Hurricane Irma: Anxious Florida families return to battered homes

This is an archived article and the information in the article may be outdated. Please look at the time stamp on the story to see when it was last updated.
Data pix.

Floridians are going home.

Yep, a flight landed in Fort Lauderdale on Tuesday for the first time since Hurricane Irma slammed the state. Even some people in the Florida Keys, where the storm hit the hardest, waited hours in traffic to return home.

"Twenty-five percent of the houses initially have been destroyed and 65% have major damage. Basically, every house in the Keys was impacted," FEMA administrator Brock Long said.

While Irma has passed and the sun is back up in the Sunshine State, residents should probably hold-off on going back.

Most of the stores are closed, there's a gas shortage and millions of homes across the state are still without power.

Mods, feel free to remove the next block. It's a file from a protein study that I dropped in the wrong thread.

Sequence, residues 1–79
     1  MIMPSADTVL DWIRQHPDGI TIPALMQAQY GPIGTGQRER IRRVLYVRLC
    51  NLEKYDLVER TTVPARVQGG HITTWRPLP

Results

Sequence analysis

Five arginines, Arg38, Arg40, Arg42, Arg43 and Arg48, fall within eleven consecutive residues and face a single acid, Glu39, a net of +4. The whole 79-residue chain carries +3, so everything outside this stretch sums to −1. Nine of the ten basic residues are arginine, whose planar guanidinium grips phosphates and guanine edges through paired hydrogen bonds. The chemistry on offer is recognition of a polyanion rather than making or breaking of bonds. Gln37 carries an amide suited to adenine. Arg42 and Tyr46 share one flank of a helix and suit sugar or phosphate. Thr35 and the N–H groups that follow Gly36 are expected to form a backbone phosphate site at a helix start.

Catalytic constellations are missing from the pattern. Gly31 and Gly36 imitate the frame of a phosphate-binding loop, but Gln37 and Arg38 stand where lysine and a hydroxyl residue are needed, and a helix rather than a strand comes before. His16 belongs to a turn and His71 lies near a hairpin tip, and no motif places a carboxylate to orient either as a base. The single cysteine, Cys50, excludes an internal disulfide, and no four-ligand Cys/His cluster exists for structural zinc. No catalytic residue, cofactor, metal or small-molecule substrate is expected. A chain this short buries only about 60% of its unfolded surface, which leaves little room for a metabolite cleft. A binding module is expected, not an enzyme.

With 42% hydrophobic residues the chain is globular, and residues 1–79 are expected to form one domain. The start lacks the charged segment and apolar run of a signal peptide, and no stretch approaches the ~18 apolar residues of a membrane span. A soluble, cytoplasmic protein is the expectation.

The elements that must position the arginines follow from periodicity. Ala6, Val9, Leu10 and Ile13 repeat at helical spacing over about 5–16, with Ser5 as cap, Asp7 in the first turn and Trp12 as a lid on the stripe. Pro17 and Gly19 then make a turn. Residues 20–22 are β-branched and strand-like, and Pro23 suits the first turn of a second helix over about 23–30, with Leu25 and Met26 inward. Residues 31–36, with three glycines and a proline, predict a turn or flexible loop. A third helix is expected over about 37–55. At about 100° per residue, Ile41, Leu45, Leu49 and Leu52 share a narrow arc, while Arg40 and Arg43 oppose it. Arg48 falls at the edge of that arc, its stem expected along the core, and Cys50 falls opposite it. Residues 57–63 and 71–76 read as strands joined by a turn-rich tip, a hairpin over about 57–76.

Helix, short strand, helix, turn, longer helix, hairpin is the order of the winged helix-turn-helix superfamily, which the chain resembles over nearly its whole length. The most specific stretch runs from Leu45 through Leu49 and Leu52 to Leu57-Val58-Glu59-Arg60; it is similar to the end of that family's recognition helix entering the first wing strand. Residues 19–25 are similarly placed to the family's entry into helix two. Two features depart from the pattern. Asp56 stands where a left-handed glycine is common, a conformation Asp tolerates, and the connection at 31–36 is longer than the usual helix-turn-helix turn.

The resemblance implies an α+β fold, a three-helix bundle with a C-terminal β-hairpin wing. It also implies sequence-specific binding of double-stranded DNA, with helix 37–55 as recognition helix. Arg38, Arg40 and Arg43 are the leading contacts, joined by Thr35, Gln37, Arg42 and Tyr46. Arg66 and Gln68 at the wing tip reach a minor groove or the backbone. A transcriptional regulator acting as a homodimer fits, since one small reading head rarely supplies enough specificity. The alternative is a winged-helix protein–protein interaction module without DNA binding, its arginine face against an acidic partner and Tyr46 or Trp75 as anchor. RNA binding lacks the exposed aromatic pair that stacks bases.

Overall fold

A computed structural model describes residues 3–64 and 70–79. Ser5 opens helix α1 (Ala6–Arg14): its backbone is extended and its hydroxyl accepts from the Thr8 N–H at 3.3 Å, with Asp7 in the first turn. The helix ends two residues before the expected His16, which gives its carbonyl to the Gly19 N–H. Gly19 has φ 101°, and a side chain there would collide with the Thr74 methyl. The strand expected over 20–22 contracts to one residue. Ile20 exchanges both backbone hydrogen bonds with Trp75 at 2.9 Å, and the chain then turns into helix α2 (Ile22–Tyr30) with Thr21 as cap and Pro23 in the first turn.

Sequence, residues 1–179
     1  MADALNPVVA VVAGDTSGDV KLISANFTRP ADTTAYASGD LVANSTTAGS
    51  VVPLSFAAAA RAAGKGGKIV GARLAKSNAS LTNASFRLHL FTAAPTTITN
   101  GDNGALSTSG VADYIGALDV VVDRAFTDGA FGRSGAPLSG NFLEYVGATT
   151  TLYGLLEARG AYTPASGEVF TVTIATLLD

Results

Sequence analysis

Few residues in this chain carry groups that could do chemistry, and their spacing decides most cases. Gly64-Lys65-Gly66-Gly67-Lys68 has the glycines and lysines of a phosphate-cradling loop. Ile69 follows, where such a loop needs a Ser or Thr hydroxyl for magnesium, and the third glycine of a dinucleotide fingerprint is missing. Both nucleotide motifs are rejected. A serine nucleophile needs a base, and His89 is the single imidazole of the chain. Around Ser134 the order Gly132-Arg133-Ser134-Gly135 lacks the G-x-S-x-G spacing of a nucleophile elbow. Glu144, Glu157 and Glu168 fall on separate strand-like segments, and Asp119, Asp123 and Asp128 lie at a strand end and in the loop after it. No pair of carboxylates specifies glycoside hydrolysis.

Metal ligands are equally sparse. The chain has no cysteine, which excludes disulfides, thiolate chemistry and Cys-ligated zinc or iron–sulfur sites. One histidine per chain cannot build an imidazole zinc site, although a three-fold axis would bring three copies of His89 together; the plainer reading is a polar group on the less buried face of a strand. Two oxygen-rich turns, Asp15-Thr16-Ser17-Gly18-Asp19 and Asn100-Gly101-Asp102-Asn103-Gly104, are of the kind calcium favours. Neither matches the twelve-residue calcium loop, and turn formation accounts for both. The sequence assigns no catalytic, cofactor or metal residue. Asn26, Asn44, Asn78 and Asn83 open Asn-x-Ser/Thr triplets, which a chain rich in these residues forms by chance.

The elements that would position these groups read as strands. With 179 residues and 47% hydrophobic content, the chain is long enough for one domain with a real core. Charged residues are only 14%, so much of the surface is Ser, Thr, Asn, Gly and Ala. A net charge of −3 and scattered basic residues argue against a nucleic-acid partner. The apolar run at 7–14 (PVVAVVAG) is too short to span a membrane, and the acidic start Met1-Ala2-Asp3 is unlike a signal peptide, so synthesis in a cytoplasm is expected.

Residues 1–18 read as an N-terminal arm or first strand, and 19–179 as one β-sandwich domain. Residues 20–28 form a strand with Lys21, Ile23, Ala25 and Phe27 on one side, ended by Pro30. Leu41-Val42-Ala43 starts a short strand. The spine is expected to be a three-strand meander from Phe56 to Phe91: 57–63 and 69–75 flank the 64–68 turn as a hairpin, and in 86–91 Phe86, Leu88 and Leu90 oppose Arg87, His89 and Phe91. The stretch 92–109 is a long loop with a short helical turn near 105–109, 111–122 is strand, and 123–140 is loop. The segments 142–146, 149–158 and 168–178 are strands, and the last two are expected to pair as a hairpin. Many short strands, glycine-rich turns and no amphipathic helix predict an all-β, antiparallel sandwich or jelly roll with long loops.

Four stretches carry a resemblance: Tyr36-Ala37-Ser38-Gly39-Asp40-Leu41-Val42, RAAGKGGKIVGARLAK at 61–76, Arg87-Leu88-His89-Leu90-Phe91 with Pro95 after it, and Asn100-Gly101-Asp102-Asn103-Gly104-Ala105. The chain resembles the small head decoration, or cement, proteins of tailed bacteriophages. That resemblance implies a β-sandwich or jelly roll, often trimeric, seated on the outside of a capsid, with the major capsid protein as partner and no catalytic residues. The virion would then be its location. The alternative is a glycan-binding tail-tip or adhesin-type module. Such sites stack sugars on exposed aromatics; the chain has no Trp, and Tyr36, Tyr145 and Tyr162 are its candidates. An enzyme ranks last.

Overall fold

"We're working hard to get the power back on in the state, but 2/3rd of our homes are without power right now," Florida Gov. Rick Scott said.

That's not all. Officials are still cleaning up roads and bridges, and major flood-hit areas like Jacksonville.

Authorities are telling evacuees who want to return to be patient and wait for a formal approval.

"It's gonna take some time to allow people back in their homes," Long said.

And despite that, some Floridians have decided to return to their state to be together.

30 Second Downloads

Dallas-based education developer donating app to help kids bridge learning gaps during pandemic

Don't Miss


Latest News

More News